Jane Gangi, professor of Education at Mount Saint Mary College, discusses banned literature at the Banned Books Symposium. To her left are Kate Sprague-Hicks, middle school librarian at Arlington Central School, and Marie-Therese Sulit, an associate professor of English and director of the Honors Program at Mount Saint Mary College.
Mount Saint Mary College hosted the Banned Books Symposium on campus early this month, featuring a keynote presentation by Nick Bruel, author of the Bad Kitty series.
This symposium, for librarians and educators, consisted of small group workshops detailing banned, challenged, or controversial books that may come up in one’s local library or classroom.
Bruel’s keynote speech discussed his Bad Kitty series of picture books, which feature the adventures of a mischievous housecat. While seemingly an unlikely candidate for criticism, some of the books have indeed offended readers over the years, he revealed.
Perhaps the most prominent example, he said, was in Bad Kitty for President. In this book, Bruel twice used a grawlix – that is, a serious of symbols such as %#@$ that are often used as stand-ins for curse words.
Bruel sees a grawlix as a sort of wildcard. “This could mean holy cow, holy smokes, or holy salami,” Bruel explained. “Of course, it could also mean holy blank – insert bad word of your choice here. But by using a grawlix, I allow the reader to choose what that word could be.” He added, “They are, in the long run, just words.”
What’s worse than “bad language” – real or imagined – is hurtful language, he said. But as an author, “I recognize that words can be powerful, so I use them wisely... The one thing I try hardest to do is to never use words that will hurt the feelings of my readers,” he explained.
The event also featured a reading from a children’s book – A Day in the Life of Marlon Bundo – that was challenged due to its LGBTQ content. The book was read by Victoria Precise, an advocate, organizer, and LGBTQ event producer in New York State.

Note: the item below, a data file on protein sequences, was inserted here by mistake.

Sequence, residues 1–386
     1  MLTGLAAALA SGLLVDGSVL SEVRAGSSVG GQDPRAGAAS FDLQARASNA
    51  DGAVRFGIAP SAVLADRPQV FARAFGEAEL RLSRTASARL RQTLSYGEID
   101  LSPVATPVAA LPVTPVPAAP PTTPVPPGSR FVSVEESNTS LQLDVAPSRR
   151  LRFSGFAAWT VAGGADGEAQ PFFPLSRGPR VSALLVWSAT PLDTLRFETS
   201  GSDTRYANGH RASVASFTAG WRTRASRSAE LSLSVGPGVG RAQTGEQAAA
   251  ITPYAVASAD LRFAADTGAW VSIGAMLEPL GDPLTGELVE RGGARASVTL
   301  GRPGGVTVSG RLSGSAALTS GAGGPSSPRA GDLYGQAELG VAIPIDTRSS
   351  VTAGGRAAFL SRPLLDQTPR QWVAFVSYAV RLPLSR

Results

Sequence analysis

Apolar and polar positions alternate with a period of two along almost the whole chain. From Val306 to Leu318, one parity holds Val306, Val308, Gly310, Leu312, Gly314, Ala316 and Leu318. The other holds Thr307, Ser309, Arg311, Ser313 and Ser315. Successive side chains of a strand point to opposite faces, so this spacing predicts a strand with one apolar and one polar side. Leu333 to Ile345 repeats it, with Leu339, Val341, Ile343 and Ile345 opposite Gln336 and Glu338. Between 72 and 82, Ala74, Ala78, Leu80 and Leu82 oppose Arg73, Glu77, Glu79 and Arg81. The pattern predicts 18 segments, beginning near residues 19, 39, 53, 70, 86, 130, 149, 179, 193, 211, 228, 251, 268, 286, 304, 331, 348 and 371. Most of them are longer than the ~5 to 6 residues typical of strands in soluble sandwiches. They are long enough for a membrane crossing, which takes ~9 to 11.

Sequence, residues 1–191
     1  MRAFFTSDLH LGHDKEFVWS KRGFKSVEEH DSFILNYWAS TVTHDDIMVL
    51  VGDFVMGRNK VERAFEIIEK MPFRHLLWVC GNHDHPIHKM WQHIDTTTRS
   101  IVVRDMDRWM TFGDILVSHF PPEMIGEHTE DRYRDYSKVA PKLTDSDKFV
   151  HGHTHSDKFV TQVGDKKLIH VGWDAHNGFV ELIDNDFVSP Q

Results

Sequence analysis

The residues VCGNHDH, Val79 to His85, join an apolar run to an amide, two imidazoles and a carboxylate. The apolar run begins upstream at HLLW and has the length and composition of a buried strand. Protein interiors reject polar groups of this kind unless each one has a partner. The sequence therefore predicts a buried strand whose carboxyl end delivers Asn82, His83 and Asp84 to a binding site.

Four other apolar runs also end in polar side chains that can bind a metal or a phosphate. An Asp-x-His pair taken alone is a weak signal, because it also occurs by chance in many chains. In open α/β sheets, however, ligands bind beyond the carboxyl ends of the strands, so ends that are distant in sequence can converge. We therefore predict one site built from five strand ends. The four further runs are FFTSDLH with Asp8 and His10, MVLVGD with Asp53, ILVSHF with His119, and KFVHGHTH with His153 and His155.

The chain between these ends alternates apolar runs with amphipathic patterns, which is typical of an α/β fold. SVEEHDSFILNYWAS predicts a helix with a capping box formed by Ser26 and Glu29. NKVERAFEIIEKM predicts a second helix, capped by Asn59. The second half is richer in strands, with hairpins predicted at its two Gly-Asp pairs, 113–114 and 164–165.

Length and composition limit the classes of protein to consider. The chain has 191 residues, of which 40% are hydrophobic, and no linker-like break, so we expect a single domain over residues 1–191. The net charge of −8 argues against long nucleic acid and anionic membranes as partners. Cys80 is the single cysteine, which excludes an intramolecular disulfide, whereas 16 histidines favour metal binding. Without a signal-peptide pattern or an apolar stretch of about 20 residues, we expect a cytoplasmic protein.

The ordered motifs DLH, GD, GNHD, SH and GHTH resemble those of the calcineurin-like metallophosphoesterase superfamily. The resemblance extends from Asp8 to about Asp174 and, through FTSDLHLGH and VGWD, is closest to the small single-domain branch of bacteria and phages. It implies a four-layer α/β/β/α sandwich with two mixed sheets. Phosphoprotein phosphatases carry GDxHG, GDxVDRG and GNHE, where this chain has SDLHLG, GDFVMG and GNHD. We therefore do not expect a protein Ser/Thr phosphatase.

Following the reading, a panel comprised of children’s literature professors, school librarians, and public librarians discussed the current status of access to LGBTQ literature in children’s libraries. In addition to Precise, panelists included Jane Gangi, professor of Education at Mount Saint Mary College; Marie-Therese Sulit, an associate professor of English and director of the Honors Program at Mount Saint Mary College; Cheryl Baker, Children’s Services Librarian at Haverstraw King’s Daughters Public Library; Kate Sprague-Hicks, middle school librarian at Arlington Central School; and Carolyn Bennett Glauda, of the Southeastern New York Library Resources Council.
Attendees enjoyed breakout sessions, featuring presentations on all aspects of banned, challenged, and controversial books. Sessions included “Banned Books Programing,” “Banned Books for Bibliotherapy,” and “Going Beyond the Drill: Using Young Adult Literature to Embrace Difficult Conversations About School Shootings.”
The Banned Book Symposium was cosponsored by Mount Saint Mary College’s Kaplan Family Library, the college’s Division of Arts and Letters, and the college’s Division of Education. It was hosted at the college in partnership with Southeastern New York Library Resources Council and Dutchess School Library Systems.